Under Bush, U.S. Economy Recovers, Unlike Workers

Yoshie Furuhashi furuhashi.1 at osu.edu
Tue Sep 23 02:36:04 MDT 2003


*****   Under Bush, U.S. Economy Recovers, Unlike Workers
by Seth Sandronsky
Dissident Voice
September 22, 2003

The U.S. economy is now growing at a faster rate in 2003 than it was
the previous year.  Over half of the April-June growth was due to war
spending, made possible by foreign lenders.

But the nation's job market is not improving, with nearly 600,000
jobs lost this year. Some economists call this a "jobless recovery,"
economic growth after a recession without new job creation.

On Sept. 16, the Federal Reserve Bank kept the short-term interest
rate the same to try and stimulate the economy, while noting the weak
job market.

The Fed's slashing of interest rates to lows not seen in a generation
has not spurred firms to hire new workers.

What of Bush's three tax cuts and the jobless trap?  "The Bush
administration has pushed forward tax cuts that lead to deficits
while providing only a modest amount of stimulus," wrote Joseph
Stiglitz, former World Bank senior vice president and chief
economist, in the Sept. 17 edition of The Guardian of London.

The U.S. jobless rate was predicted to remain at six percent through
the end of the year, said unnamed private forecasters cited in the
Sept. 16 edition of the Financial Times.  Persistent unemployment is
a potential weak spot for the president.

Case in point is Bush's recent remarks on the 2.7 million
manufacturing jobs that the economy has shed on his watch.  He, his
administration and some members of Congress are busy trying to shift
Americans' eyes to the east.

For example, the value of China's currency is being blamed as the
cause of factory firms cutting jobs in the U.S.  It is worth noting
that manufacturing as a part of the American economy has been in a
slow, steady decline since the war in Vietnam.

China-bashing today misses this structural change by a mile.  Welcome
to the politics of U.S. economics.

Bush recently characterized the lack of job creation as a "short-term
problem."  If he is wrong, then his popularity could decline.

Retired General Wesley Clark, former NATO commander in Europe and the
most recent entrant of the Democratic Party seeking the presidential
nomination, knows that.  He has promised "to restore the millions of
jobs that have been lost."

Some three million jobs have disappeared since Bush became
president.  "From 1996 to 2000, the economy created more than 3
million jobs a year," wrote Dean Baker, an economist and co-director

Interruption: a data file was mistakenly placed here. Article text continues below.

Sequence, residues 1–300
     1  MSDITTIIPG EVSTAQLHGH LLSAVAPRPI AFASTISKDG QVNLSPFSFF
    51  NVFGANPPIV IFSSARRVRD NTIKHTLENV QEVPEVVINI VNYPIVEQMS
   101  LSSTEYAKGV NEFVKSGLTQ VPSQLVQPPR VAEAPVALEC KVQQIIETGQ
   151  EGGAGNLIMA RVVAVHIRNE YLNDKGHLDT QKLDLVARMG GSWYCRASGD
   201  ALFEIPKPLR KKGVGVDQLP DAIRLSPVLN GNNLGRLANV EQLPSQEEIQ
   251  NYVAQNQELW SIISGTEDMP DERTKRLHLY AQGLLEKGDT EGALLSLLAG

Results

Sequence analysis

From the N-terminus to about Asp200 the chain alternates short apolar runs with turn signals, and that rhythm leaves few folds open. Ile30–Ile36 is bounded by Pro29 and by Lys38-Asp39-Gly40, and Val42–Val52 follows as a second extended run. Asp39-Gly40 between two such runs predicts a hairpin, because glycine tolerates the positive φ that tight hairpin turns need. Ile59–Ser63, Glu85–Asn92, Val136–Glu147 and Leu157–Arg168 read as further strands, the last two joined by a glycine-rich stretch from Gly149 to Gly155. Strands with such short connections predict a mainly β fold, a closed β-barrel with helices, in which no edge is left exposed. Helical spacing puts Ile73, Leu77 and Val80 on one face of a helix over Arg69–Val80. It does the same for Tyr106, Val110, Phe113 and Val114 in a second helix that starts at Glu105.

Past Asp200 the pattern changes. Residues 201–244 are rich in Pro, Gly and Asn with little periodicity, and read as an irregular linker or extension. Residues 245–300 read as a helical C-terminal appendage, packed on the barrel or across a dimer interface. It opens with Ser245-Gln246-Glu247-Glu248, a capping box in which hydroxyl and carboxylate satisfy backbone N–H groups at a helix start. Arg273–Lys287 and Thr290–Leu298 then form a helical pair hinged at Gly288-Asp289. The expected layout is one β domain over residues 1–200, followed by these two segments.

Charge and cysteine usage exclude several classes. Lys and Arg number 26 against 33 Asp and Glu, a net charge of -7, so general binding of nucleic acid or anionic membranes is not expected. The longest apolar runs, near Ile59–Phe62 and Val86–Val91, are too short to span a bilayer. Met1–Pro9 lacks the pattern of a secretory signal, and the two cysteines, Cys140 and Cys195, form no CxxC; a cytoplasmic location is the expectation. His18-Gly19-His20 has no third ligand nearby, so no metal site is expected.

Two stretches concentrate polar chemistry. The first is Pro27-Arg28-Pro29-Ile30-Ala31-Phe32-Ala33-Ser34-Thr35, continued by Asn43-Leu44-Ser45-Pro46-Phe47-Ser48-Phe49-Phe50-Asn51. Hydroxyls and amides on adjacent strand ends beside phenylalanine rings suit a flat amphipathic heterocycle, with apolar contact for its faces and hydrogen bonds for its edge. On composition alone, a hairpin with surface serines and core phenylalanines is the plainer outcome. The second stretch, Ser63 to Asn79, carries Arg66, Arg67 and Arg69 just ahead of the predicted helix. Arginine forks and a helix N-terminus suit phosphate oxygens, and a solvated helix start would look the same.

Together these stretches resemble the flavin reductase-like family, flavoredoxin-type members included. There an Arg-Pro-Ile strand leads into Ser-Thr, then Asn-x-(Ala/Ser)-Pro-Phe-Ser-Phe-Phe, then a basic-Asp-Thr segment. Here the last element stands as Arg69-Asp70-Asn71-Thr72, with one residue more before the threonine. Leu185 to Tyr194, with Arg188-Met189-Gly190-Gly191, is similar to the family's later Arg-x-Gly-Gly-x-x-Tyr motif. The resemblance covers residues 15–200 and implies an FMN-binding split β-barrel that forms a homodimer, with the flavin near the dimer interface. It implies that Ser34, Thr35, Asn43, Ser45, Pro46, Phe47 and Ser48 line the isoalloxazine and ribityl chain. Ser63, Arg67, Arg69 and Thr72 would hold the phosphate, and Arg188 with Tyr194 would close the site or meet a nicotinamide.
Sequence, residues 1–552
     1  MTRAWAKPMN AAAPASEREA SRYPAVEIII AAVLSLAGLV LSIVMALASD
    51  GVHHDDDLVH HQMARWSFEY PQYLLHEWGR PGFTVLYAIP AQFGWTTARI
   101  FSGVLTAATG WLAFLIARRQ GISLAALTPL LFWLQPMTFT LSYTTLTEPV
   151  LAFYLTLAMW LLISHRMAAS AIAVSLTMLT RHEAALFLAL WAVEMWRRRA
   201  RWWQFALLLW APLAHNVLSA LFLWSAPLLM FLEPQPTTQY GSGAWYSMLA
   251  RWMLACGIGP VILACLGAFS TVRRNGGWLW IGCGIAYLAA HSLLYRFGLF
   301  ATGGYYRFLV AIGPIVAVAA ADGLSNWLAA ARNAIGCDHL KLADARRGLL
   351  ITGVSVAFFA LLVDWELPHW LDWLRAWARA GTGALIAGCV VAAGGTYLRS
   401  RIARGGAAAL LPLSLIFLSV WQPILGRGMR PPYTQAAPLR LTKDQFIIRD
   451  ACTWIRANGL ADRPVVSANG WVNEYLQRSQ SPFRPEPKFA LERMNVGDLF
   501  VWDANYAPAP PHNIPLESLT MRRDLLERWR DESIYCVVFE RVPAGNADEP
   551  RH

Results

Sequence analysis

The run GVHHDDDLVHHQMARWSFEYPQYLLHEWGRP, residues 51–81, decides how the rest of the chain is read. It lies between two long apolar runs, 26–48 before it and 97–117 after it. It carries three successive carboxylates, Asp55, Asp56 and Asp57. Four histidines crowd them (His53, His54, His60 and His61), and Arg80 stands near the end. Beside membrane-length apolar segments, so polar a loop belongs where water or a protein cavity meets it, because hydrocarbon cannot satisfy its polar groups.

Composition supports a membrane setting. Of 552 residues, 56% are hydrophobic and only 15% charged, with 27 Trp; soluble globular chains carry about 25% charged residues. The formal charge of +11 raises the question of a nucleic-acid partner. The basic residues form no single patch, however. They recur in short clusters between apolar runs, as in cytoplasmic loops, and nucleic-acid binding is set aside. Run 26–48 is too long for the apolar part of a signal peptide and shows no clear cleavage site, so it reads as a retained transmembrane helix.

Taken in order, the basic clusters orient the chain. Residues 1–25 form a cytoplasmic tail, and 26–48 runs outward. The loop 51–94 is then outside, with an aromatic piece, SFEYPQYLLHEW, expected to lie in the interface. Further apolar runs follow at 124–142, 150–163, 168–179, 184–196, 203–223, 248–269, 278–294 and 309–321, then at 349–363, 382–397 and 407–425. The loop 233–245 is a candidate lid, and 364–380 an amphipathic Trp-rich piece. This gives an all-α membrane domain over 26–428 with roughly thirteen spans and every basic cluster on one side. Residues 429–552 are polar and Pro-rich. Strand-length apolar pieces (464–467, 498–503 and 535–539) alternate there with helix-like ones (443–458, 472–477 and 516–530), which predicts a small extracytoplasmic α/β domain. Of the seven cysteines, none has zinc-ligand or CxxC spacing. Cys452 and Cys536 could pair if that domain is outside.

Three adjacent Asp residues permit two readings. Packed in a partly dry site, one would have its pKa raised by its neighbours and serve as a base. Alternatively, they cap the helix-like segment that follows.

of the Center for Economic and Policy Research.

Consider this proposal for job creation.  Now is the time for a
government-financed jobs program that pays a living wage with full
health care benefits to workers and their families.

There are plenty of unmet and partially met human needs nationwide,
plus a crumbling infrastructure, to keep these new, decently-paid
workers busy for a long time.  Moreover, this jobs program would
address the link between unemployment and imprisonment, with all the
racial disparities involved in America, incarceration nation.

I think that many of the nine million people officially out of work,
plus the 30 million workers whose hourly wages are $8.70 or lower,
would back such a government jobs program.  With the U.S. war budget
for the next fiscal year almost $500 billion (nearly equal to the
federal deficit), now is the time to air such a proposal for popular
feedback.

This jobs program could be a part of the peace movement's platform,
with anti-war activists lending their impressive organizational
expertise.

Organizers with United for Peace and Justice and Act Now to Stop War
& End Racism (ANSWER), please take note, and proceed accordingly as
you work to build opposition to the Iraq invasion and occupation with
a big march in Washington, D.C., on Oct. 25.

Churches, community organizers and unions also have a vital role to
play addressing the national jobs crisis. Together with the anti-war
movement, they can be a force for organizing to create more social
justice.


Seth Sandronsky is a member of Peace Action and co-editor with
Because People Matter, Sacramento's progressive paper. He can be
reached at: ssandron at hotmail.com.

Other Recent Articles by Seth Sandronsky

* Risky Business: U.S. Borrowing And Foreign Lending
* The China Blame Game
* Arnold's Appeal
* In California, The Ballot Box And The Market
* Globalize That: Capital Flight to China
* In US, A Job-loss Economy Emerges
* Mortgage This
* For Black Teens, Jobs Crisis Worsens
* A New Day for Affirmative Action?
* In California, A Racial Wolf in Sheep's Clothing
* In U.S., Slow Growth, Excess Inventory and Mounting Debt

<http://www.dissidentvoice.org/Articles8/Sandronsky_Jobless-Recovery.htm>
*****
--
Yoshie

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